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Respected tennis writer Joel Drucker answers your questions about the thrills and spills of the recreational player. Got a hole in your game or a question for Joel? Drop him an email at and you may find yourself in a future column.

Q)Dear Roving Player:
I'm a teaching pro in a rural area, working to build a tennis community. I'm frustrated by the players who don't want to practice with anyone who is weaker than them. They say things like "I play better when I play Sue", without any recognition that it is because Sue is a better player who is giving them consistent balls to hit. Then in the next breath, they complain that they don't want to play a weaker player, because it's no fun.

I usually point out that they can help a weaker player improve, thus have more people to play with, and they do understand that concept. However, many aren't willing to do it and remain completely oblivious to the fact that the people they love to play with are willing to play with a weaker player - them!

I'm wishing for a tactful way to point out how other players are helping them, is it possible?
-Polly Pro

A)Dear Polly:

In many ways you have gotten right to the heart of what makes this game so hard for so many: personal self-delusion. Of course it's easier to play with Sue. Get on the court with her and receive nice, user-friendly balls. Most of all, there's no true pressure to compete, move one's feet and face the genuine limits of one's game. 

My advise to you is to tell players that they have choices. If they want to improve as both ball-strikers and competitors, they'll have to learn how to generate pace against the weaker players and face the pressure that comes with expectation. Or they can opt to wrap themselves in the cocoon that accompanies playing better players. It's a free country. But if they choose the latter, don't come whining next time there's a self-implosion in a league match. Lynne Rolley, director of tennis at the Berkeley Tennis Club and the former head of coaching for the USTA, says if you want to improve it's best to put yourself in situations where you can win approximately 66 percent of the time. The matches and practices with better players can be useful, but only to a point. If you can't get great grades at a community college, what makes you think you've got the goods for Oxford?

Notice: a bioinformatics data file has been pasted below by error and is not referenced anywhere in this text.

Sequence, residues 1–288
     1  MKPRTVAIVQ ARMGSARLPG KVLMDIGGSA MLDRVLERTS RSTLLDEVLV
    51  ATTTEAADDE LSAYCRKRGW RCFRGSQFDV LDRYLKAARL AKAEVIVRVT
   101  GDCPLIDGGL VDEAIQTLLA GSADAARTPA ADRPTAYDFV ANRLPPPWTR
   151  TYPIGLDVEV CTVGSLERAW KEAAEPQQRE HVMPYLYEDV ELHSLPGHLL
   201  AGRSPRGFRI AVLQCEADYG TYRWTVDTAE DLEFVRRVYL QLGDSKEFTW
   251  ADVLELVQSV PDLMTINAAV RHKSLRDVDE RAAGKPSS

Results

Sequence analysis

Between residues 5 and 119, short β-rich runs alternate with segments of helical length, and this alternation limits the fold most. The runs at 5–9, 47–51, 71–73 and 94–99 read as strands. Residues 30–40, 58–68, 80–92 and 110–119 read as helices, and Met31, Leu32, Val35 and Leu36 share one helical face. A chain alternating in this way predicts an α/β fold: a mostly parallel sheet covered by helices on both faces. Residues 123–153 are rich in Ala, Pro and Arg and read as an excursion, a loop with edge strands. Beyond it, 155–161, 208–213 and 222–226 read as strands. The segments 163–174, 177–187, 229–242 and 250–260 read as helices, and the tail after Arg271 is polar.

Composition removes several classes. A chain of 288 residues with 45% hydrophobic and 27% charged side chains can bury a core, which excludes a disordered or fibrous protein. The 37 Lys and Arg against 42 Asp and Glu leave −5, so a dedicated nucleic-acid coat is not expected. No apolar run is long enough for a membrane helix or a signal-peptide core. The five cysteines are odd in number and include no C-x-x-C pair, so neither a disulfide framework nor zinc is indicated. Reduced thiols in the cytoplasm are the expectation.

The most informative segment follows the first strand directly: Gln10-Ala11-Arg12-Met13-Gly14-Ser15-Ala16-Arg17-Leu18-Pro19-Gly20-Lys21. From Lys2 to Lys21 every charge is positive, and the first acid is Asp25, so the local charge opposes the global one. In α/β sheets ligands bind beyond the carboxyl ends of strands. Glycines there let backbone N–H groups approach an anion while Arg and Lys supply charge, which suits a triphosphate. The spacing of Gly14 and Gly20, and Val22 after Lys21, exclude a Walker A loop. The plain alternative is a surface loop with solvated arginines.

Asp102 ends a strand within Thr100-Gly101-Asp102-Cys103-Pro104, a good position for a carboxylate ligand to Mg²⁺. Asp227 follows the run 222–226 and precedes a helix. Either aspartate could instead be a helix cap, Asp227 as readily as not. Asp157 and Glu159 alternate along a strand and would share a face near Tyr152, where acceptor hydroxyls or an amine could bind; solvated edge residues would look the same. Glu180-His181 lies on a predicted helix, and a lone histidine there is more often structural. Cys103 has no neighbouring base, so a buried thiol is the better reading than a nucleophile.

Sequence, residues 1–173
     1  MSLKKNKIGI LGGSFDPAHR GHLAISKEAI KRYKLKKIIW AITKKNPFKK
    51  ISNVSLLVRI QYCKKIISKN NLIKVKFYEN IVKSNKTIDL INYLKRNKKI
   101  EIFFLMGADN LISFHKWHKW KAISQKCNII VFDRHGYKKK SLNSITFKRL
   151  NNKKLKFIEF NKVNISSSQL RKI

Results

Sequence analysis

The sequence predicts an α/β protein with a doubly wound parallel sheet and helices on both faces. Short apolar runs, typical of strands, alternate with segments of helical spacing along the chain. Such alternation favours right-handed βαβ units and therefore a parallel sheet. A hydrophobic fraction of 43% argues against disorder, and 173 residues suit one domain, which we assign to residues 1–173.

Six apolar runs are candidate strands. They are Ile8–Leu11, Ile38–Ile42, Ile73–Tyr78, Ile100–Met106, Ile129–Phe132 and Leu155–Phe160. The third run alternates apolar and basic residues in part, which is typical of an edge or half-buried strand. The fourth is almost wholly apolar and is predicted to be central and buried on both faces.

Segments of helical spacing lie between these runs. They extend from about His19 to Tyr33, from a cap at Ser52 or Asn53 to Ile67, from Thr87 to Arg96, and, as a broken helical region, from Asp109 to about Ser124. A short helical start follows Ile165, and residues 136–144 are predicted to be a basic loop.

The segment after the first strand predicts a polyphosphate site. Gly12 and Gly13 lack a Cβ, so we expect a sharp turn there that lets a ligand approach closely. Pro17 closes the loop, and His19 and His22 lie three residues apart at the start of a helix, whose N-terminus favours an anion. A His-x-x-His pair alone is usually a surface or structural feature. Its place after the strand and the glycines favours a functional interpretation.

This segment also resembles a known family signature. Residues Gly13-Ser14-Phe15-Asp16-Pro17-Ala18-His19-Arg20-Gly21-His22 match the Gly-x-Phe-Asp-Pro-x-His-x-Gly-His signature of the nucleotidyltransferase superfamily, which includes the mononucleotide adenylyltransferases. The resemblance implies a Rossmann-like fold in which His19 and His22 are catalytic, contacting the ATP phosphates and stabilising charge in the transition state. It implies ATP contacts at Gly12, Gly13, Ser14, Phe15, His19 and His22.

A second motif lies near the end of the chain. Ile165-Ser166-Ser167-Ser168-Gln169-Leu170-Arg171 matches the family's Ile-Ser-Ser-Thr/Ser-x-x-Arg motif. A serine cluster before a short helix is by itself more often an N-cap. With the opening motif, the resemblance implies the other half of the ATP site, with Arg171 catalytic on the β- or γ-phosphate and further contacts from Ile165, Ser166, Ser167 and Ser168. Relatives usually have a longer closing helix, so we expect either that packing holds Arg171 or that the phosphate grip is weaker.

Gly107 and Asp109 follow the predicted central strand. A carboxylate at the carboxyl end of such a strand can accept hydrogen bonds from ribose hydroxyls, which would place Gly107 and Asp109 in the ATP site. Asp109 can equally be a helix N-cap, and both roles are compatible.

The British former pro John Lloyd once told me after he'd graciously hit with me for an hour, "You can hit with anyone and work on your game. You can work on your footwork, on different parts of your strokes - and if the person's not that much worse than you, you can also try different tactics. If you're a baseliner, why not serve and volley against someone worse than you?” 

Q) Dear Roving Player: 
How do I get more pace on the ball? I'm a 4.0-4.5 player, 55 years old. I play singles once or twice a month, doubles three-four times a week. I'd really like to hit harder.

A)Dear Richard:

To paraphrase Tina Turner, what's pace got to do with it? Just because you want something doesn't mean you necessarily need it. At this stage of your life, I'd seriously doubt that even if you played singles every day and took two lessons a week that you would add much velocity to what you've already got. My recommendation instead is that you learn to become more consistent and accurate with your existing weapons - and most of all, improve your court positioning. The name of the game is to force your opponent to win, and so, by learning to move forward into a good volleying position, you can establish control of points. This holds true in both singles and doubles. So rather than work on adding more heat, I'd instead spend time honing such shots as your volleys and overhead.

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Oakland-based Joel Drucker is one of the world's leading tennis writers. Author of the book, Jimmy Connors Saved My Life, Drucker's work has appeared in a wide range of print and broadcast media, including Tennis, USTA Magazine, ESPN, CBS and The Tennis Channel. For The Tennis Channel he's worked as an on-air analyst and is co-producer of the program, Center Court with Chris Myers. An avid recreational player, Drucker's lefthanded 4.5 game attempts to combine the tactical array of Brad Gilbert with the variety of John McEnroe, a style he fondly refers to as "Spinning Ugly."